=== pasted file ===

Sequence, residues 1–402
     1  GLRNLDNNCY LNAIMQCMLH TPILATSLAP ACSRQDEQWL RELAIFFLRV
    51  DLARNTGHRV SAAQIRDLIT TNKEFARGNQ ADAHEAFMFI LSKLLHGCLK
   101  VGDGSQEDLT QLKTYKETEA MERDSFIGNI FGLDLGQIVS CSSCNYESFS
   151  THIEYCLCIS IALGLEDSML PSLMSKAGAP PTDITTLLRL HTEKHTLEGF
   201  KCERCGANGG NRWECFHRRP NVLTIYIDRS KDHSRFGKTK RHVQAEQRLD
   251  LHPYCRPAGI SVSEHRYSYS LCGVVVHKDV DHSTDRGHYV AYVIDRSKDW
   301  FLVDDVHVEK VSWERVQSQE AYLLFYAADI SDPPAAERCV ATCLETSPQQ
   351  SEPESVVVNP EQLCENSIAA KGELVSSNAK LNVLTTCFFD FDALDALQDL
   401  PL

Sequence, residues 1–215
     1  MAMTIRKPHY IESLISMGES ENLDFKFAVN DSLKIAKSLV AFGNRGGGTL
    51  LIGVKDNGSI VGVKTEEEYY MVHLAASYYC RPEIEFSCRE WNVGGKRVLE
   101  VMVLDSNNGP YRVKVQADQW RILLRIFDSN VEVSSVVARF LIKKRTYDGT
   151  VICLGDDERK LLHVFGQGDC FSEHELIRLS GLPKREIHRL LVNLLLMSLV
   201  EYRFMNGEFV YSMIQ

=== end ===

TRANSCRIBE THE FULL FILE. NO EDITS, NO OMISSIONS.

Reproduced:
Sequence, residues 1–402
     1  GLRNLDNNCY LNAIMQCMLH TPILATSLAP ACSRQDEQWL RELAIFFLRV
    51  DLARNTGHRV SAAQIRDLIT TNKEFARGNQ ADAHEAFMFI LSKLLHGCLK
   101  VGDGSQEDLT QLKTYKETEA MERDSFIGNI FGLDLGQIVS CSSCNYESFS
   151  THIEYCLCIS IALGLEDSML PSLMSKAGAP PTDITTLLRL HTEKHTLEGF
   201  KCERCGANGG NRWECFHRRP NVLTIYIDRS KDHSRFGKTK RHVQAEQRLD
   251  LHPYCRPAGI SVSEHRYSYS LCGVVVHKDV DHSTDRGHYV AYVIDRSKDW
   301  FLVDDVHVEK VSWERVQSQE AYLLFYAADI SDPPAAERCV ATCLETSPQQ
   351  SEPESVVVNP EQLCENSIAA KGELVSSNAK LNVLTTCFFD FDALDALQDL
   401  PL

Sequence, residues 1–215
     1  MAMTIRKPHY IESLISMGES ENLDFKFAVN DSLKIAKSLV AFGNRGGGTL
    51  LIGVKDNGSI VGVKTEEEYY MVHLAASYYC RPEIEFSCRE WNVGGKRVLE
   101  VMVLDSNNGP YRVKVQADQW RILLRIFDSN VEVSSVVARF LIKKRTYDGT
   151  VICLGDDERK LLHVFGQGDC FSEHELIRLS GLPKREIHRL LVNLLLMSLV
   201  EYRFMNGEFV YSMIQ